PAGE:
What business can learn from the voluntary sector

We hear a lot about how the voluntary sector should become more business-like, with a sharper focus on efficiency, customer service and outcomes. And by and large we are grateful for this advice, recognising that we owe it to our beneficiaries and donors to make the biggest impact we can on our (increasingly) limited resources. However, two things repeatedly strike me about this debate. First, I would challenge almost any business to demonstrate the same level of return on investment that the overwhelming majority of voluntary groups manage on a day-to-day basis; our ability to deliver time and time again on a shoestring would be looked on favourably by many a corporate, large and small. And second, we hear very little about reciprocal learning – what we in the sector can teach business. And teach them I believe we can, particularly about how to harness the enthusiasm and commitment of our workforces.

Herding cats

Someone once described managing volunteers as like ‘trying to herd cats’, and you kind of get what they meant. It got me thinking about just what a skill it is to manage, motivate and lead groups of volunteers, who by definition are as varied as our population itself, and who, in contrast, to paid staff are free to walk away at any time they choose. Retaining the commitment, loyalty and enthusiasm of volunteers, in the absence of the wage tie which binds paid staff to an organisation, demands a fantastic array of skills. It calls for the development of a psychological contract in place of the ‘cash nexus’ and the capacity to manage diversity and nurture a level of engagement which would be the envy of any HR manager. And yet we pay far too little attention to the role of volunteer management within our organisations and invest far too little in the development, support and recognition of our volunteer managers. In these times of austerity for the sector, when the need to generate new sources of income is a must, how about large corporates commissioning the sector to teach them how to maximise this psychological contract, drawing on our experience of managing volunteers, to help them build new and more collaborative relations with their staff?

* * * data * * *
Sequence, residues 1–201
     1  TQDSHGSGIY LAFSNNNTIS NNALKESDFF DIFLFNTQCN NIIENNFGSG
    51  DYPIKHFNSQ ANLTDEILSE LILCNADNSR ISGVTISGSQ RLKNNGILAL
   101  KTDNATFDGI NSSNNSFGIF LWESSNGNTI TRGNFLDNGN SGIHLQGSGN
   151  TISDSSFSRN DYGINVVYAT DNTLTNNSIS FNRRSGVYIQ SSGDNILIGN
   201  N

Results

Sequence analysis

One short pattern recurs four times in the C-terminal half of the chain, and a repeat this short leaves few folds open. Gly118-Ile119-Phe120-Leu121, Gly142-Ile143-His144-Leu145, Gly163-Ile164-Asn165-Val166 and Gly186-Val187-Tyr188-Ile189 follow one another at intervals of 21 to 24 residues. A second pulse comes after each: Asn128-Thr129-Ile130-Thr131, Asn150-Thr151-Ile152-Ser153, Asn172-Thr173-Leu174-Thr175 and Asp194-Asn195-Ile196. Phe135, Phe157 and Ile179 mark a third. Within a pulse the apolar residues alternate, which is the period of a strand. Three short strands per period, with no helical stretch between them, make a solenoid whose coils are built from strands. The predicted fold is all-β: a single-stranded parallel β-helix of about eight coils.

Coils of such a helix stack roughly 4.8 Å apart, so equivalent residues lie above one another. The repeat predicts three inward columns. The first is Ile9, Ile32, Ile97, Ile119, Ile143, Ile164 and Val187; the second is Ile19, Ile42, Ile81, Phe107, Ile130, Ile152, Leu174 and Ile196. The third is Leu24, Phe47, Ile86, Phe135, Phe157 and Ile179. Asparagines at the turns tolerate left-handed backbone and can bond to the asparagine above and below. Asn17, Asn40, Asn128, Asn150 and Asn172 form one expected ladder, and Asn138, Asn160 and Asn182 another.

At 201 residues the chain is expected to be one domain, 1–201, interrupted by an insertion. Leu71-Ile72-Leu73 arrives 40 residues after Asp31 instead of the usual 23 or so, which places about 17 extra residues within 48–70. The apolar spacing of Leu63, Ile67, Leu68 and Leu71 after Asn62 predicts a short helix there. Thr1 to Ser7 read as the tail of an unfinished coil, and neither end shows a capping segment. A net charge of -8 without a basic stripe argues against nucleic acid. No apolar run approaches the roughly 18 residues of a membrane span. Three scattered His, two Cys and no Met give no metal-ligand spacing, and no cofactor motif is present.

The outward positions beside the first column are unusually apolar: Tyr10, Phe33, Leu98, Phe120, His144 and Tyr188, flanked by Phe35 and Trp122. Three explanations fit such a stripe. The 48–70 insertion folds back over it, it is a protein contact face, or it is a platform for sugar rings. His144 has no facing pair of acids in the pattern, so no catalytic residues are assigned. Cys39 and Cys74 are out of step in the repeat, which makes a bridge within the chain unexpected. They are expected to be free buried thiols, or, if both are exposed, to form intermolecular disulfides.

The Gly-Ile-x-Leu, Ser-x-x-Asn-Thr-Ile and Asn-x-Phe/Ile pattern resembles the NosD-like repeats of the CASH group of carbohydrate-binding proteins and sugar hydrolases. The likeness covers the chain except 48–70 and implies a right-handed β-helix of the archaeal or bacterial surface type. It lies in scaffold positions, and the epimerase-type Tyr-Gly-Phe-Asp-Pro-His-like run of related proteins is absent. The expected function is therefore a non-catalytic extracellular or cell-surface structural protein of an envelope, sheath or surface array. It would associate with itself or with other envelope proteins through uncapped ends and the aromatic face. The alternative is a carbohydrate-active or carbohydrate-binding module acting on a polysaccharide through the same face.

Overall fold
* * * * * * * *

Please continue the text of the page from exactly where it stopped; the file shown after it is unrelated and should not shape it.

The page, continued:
Two-way exchange

One of the giants of post-war management theory, Peter Druker, wrote a brilliant article a few years back in the Harvard Business Review, in which he argued the case for a greater transfer of learning from non-profits to the private sector. He argued that in the key areas of strategy and board effectiveness non-profits were ‘practicing what most businesses can only preach’, while in the ‘most crucial area of the motivation and productivity of knowledge workers’ he hailed them as ‘truly pioneers’, working out ‘the policies and practices that business will have to learn tomorrow’.  But there is not enough of this reciprocal learning going on. And not only is it is a huge waste of expertise and knowledge, it contributes unhelpfully to a world view which asserts that somehow the voluntary sector needs to get all its learning from business.

Learning for tomorrow